Suggested reading

Barker, The rise of an early modern shipping industry: Whitby's golden fleet, 1600-1750 (Woodbridge, 2011)
Barbour, V., 'Marine risks and insurance in the seventeenth century', Journal of Economic and Business History. I (1929)
Barbour, V., 'Dutch and English merchant shipping in the seventeenth century', Economic History Review, II (1930)
Davis, R., 'The organisation and finance of the English shipping industry in the late seventeenth century' (London PhD, 1955)
Davis, R., 'Merchant shipping in th eeconomy of the late 17th century', Economic History Review, IX (1996)
Davis, R., 'Earnings of capital in the English shipping industry, 1670-1730', Journal of Economic History', XVII (1957)
Davis, Ralph, The rise of the shipping industry of the seventeenth and eighteenth centuries (London, 1962)
Fury, Cheryl A. (ed.), The social history of English seamen, 1485-1649 (Woodbridge, 2012)
Grassby, Richard, Kinship and capitalism (Cambridge, 2001)
Grassby, Richard, The business community of seventeenth-century England (Cambridge, 2002)
Grassby, Richard, The idea of capitalism before the industrial revolution (London, 1999)
Jones, Evan Thomas, 'The Bristol shipping industry in the sixteenth century', (Edinburgh PhD, 1998)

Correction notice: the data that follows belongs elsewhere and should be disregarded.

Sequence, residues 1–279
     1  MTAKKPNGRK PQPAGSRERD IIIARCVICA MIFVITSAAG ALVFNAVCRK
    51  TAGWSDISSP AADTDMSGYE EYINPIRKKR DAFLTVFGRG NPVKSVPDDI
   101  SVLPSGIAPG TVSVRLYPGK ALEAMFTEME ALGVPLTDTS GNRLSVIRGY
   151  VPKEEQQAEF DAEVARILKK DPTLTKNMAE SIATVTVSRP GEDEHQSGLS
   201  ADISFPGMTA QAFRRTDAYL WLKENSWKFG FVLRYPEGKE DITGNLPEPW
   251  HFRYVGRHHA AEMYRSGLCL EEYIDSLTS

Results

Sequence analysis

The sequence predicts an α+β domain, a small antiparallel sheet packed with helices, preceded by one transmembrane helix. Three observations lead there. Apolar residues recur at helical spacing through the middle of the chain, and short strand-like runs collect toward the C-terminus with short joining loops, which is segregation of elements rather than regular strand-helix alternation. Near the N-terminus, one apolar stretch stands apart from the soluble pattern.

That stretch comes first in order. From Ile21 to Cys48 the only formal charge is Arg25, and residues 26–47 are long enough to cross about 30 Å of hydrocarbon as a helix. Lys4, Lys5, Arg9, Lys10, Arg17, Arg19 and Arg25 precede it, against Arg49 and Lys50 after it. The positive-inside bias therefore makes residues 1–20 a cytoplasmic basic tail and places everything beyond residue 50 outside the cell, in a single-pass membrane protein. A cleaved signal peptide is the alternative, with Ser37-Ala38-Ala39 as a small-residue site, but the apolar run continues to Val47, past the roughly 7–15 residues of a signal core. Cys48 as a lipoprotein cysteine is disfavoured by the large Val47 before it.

North, D.C., 'Sources of productivity change in ocean shipping, 1600-1850', Journal of Political Economy, LXXVI (1958)
Scammell, G.V., 'Shipowning in England, c.1450-1550', Transactions of the Royal Historical Society, XII (1962)
Scammell, G.V., 'Shipowning in the econmy and politics of early modern England', The Historical Journal, vol. 15, issue 03, Sept. 1972, pp. 385-407
Stephenson, Judy, 'Industrial organisation in 17th century London building trades and institutions', unpublished seminar paper, Dec. 10th 2014
Ville, Simon P., English ship owning during the industrial revolution: Michael Henley and son, London shipowners, 1770-1830 (Manchester, 1987)
Ville, Simon, 'The growth of specialisation in English shipowning, 1750-1850', Economic History Review, XLVI, 4 (1993), pp. 702-711

Willan, Thomas, S., The English coasting trade, 1500-1750 (Manchester, 1938)
  1. HCA 24/113 item 97
  2. HCA 24/113 item 153
  3. C6/36/21 f. 3
  4. HCA 13/68 f.4r
  5. HCA 13/71 f.617r
  6. HCA 13/72 f.348v
  7. HCA 13/73 f.91v; HCA 13/73 f.96v
  8. HCA 13/73 f.202Av
  9. HCA 13/73 f.432r
  10. HCA 13/73 f.436r
  11. HCA 13/70 f.149r